15 May 2015

Yr 4 Perspective of a Med School Wife: Sierra

Sierra was kind enough to share her perspective from fourth year. The last time we heard from Sierra, we had just finished first year and she had yet to marry her medical student.

How fun is it to have book-end perspective posts!

Residency: Emergency Medicine in Jackson, Michigan

Q: How did you support your med student in year four?

A: Honestly, I don't think I did a great job at this. I took on more responsibilities at work, hoping to distract myself from missing my husband while he was on away rotations, as well as to boost my resume since we knew moving for residency was going to be very likely. Looking back, I think I would have still taken on the extra responsibilities, but I wish I would have learned to balance things better so that I could have been more available to support my husband.

But one thing I made sure to do regardless of my own stress was to listen. Just allowing my husband to process his thoughts out loud about choosing a specialty and applying for residency was probably what he needed most. I also encouraged him to go for his dream specialty, even though it was risky.

Q: Did your family move for fourth year?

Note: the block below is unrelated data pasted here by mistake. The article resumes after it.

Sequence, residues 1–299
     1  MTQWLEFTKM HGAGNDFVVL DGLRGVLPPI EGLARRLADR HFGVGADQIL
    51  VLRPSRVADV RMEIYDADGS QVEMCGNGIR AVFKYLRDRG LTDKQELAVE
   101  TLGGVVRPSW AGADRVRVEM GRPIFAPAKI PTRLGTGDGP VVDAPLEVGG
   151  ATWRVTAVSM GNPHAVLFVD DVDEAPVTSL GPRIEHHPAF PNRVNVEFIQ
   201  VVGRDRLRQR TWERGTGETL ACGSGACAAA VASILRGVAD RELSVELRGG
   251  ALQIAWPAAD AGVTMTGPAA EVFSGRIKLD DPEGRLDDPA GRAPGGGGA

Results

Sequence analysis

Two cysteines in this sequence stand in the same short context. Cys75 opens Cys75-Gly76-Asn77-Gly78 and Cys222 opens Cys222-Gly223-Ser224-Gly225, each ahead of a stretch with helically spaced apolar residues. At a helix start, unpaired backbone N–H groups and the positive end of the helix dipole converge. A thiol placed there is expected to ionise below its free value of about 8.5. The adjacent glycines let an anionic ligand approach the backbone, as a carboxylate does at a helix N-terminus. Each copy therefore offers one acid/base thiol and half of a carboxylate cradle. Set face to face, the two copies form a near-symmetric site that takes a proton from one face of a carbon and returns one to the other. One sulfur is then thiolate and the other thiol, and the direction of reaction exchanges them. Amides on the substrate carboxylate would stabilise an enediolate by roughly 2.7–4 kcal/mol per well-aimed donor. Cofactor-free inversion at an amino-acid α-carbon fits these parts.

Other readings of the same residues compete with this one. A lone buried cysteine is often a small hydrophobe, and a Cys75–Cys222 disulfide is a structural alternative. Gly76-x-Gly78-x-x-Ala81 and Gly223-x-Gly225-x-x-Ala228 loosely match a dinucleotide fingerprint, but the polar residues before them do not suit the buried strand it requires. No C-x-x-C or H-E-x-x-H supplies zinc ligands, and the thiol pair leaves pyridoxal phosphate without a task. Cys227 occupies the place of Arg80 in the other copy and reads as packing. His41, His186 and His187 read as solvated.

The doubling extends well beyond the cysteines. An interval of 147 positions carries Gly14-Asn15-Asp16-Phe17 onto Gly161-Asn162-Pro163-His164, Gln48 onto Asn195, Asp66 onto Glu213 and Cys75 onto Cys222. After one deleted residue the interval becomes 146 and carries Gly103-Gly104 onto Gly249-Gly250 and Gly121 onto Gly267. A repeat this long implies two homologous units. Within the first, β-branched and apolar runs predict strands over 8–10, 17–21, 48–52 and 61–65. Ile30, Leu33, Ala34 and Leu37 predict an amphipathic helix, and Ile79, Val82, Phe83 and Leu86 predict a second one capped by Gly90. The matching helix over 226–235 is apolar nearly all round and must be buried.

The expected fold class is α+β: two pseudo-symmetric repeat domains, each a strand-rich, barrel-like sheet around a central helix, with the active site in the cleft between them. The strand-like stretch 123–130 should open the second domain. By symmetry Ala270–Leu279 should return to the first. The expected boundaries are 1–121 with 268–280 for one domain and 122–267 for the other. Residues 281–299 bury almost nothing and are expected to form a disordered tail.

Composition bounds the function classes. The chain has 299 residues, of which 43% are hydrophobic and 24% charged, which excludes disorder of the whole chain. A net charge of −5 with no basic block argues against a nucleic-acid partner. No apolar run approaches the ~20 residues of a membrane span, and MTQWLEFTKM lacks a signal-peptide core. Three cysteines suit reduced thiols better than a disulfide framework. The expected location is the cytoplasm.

A: No, we rented a room from my brother during 3rd and 4th years. We saved money this way, but it probably isn't for every couple. Even though I think the challenges of this living situation actually ended up making us stronger, we are so ready to have our own place again!!!

Q: What did your student consider when selecting residencies for applications and the match?

A: We didn't allow finances to limit his applications. I wanted him to go for his dream, so he applied to all programs in his specialty of interest, knowing that realistically, most programs weren't going to offer him an interview since he didn't audition with them. But you never know unless you try! We had most of our discussions about desired locations as he was applying for audition rotations.

Q: What was the most frustrating part about Yr 4?

A: I am sure that my husband could list several and I could probably come up with a few if I thought about it for a long time, but I am just so thrilled at the way things have turned out that I only have happy thoughts :)

Q: Any advice for medical student significant others who are approaching this stage?

A: YES! And sorry if my honesty offends anyone, but here is goes...Please make sure that you and your spouse are prepared for the possibility of not matching because anything can happen and you must be prepared. Talk prior to Match Day about which specialties your spouse would be happy with if they don't match. Prioritize them and have unique personal statements written and ready to submit on Match Day for each possible speciality, if needed. And do your research. Find out all the programs that offer the specialities your spouse is interested in and if your spouse is considering a traditional year, cross-reference to find out which programs offer multiple specialties that your spouse is interested in so you know which TRIs will be most worthy of your attention if they have openings during the scramble. Do these things with your spouse because it also helps to mentally prepare both of you and creates a clear understanding of what would happen if your spouse does not match.